"What we discovered in rural Colorado was a growing base of individuals pioneering a new life as a remote tech worker," said Rowland. "These people already had a shared vision and were looking for ways to connect, work with each other, and grow their businesses. The UATSP provided a vehicle to transform the vision into a reality"

To support these efforts, the UATSP created targeted advertising packets for each county. Created from two versions of their realtor information kit, FEDC TechSTART provides a template and vendor sourcing allowing each region to customize their message and marketing material. These packets are distributed at key events like Space Symposium in Colorado Springs, Denver Startup Week, and industry meetings hosted by industry groups like Colorado Technology Association.

While Fremont County is morphing into a tech enclave in rural Colorado, its partnership with neighboring counties aims to double the economic impact. FEDC TechSTART is bringing high-income earners to Southern Colorado counties, bolstering Colorado's economic bracket. And, by being in the UATSP, opportunities have opened up that weren't there before. New sector partnerships have developed, driving economic development in the communities. In Fremont County, FEDC TechSTART is a model for Fremont's satellite opportunities like AgSTART for the agriculture industry and WellSTART for the health industry.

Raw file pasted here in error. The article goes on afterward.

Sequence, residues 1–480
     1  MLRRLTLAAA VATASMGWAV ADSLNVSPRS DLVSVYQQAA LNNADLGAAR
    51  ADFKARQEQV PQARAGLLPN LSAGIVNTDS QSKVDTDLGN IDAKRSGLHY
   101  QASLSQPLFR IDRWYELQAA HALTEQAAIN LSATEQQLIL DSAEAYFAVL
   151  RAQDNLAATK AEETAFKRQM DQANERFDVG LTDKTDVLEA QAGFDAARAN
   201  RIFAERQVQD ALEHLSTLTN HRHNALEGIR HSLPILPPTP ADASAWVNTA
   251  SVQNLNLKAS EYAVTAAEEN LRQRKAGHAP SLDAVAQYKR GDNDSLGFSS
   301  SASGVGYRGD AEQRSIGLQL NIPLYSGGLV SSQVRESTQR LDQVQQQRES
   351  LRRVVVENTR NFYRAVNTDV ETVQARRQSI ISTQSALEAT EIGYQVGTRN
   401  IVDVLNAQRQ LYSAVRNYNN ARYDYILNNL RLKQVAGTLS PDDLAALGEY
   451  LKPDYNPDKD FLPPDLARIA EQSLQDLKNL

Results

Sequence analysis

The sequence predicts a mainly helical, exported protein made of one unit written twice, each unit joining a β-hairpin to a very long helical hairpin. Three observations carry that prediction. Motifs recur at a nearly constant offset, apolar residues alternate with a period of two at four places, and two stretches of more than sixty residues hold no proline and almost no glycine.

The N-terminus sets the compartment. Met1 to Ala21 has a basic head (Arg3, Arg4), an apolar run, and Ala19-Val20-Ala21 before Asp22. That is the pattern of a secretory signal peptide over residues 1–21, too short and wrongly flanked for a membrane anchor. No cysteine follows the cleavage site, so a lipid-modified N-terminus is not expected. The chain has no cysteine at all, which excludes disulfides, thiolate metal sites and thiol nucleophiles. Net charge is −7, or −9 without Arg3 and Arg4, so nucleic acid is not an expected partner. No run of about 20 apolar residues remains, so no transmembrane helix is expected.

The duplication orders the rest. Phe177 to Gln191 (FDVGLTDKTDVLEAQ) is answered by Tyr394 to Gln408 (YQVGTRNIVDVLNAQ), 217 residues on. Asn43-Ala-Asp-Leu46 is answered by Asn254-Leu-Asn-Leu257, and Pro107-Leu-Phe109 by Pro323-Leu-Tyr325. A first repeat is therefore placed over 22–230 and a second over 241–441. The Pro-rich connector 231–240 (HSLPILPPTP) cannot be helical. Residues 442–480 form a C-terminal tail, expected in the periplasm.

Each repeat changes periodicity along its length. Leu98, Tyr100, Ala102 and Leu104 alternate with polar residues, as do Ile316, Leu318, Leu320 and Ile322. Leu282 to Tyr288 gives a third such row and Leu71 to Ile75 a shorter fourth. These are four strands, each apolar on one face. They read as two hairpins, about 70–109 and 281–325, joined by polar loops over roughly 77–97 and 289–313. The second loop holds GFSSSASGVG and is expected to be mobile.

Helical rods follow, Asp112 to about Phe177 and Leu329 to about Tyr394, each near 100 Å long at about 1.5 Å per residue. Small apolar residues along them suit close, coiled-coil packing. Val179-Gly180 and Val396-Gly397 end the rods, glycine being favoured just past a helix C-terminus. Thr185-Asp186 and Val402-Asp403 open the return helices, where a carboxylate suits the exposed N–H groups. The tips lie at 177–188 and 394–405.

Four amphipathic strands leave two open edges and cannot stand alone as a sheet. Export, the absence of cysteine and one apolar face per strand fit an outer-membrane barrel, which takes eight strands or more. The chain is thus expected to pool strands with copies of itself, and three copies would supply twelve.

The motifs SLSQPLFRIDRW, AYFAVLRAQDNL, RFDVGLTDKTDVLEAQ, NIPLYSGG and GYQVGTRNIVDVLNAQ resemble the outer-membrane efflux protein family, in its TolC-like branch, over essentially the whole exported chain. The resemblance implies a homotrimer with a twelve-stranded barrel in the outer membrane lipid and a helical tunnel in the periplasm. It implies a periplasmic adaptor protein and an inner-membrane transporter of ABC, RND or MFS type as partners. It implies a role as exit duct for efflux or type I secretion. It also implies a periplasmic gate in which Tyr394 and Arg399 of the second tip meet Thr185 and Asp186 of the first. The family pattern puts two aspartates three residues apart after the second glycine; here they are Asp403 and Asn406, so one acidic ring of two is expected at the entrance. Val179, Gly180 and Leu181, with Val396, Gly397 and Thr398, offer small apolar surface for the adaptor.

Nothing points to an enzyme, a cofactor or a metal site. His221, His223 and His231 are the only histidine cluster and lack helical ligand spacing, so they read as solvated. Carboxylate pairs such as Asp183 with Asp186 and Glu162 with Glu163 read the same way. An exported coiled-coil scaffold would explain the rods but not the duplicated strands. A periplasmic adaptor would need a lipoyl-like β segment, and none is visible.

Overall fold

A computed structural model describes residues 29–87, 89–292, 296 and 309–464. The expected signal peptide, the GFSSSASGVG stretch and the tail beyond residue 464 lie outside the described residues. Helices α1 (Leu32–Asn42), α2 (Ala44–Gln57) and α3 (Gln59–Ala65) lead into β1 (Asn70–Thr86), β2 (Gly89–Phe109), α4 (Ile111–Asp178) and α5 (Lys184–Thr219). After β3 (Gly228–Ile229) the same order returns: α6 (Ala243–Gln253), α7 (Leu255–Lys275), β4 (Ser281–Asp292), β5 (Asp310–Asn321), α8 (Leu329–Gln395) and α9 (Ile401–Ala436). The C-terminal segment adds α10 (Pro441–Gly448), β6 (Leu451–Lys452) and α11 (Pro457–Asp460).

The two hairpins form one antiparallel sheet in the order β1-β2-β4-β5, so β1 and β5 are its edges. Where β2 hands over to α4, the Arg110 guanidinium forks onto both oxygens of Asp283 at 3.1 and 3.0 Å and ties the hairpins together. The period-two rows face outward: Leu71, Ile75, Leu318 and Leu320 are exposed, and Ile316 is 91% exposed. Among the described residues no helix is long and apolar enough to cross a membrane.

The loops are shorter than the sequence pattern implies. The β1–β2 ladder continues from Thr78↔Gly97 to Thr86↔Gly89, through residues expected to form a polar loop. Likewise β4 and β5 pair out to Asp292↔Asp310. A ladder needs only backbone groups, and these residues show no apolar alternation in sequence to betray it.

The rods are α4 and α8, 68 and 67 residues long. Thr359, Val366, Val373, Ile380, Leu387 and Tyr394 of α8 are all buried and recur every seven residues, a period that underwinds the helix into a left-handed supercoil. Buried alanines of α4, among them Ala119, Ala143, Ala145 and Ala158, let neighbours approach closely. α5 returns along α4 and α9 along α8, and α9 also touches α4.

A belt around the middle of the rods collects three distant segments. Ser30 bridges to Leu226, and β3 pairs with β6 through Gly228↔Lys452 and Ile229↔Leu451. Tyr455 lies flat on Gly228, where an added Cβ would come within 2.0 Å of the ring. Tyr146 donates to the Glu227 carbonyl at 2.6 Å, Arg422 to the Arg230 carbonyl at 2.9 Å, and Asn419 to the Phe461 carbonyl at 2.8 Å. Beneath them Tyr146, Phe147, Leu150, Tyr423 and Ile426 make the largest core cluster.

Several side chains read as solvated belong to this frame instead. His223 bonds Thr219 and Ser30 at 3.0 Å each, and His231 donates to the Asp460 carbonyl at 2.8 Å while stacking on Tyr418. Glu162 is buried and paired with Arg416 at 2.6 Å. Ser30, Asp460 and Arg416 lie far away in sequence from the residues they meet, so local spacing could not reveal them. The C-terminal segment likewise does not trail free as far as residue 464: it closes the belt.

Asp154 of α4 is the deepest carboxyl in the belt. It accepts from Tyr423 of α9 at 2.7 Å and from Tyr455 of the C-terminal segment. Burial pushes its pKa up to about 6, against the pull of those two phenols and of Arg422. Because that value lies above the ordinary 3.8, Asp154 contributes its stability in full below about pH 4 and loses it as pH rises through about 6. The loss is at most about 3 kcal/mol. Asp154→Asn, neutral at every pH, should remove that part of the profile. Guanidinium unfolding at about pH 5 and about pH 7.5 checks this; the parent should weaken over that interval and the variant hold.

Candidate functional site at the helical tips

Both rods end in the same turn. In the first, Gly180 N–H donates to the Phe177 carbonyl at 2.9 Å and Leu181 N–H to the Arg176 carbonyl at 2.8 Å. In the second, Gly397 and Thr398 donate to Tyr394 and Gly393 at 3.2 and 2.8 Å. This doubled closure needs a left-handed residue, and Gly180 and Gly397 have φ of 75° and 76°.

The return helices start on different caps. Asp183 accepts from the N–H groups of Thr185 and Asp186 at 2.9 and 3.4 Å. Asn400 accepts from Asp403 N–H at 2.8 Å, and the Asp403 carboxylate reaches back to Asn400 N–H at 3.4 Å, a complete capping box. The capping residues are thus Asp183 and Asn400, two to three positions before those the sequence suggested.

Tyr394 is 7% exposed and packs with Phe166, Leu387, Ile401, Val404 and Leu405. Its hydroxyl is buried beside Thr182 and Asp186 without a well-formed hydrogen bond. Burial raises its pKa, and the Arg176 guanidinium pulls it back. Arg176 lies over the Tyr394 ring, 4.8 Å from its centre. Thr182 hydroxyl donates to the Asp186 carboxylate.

According to Brown, these kinds of economic successes are already happening in rural Colorado. There is a groundswell of community-based activities in places like Gunnison, Montrose and Grand Junction. The thread is human capital, and for Cañon City it is technology.

"It is a beacon that Cañon City does have a tech community. We're showing it can be done remotely, and we're doing it in a rural community," said Stevens. "Big egos don't get in the way in smaller communities. Smaller communities have a better opportunity."

Published Tuesday, August 27, 2019 9:02 AM by David Marshall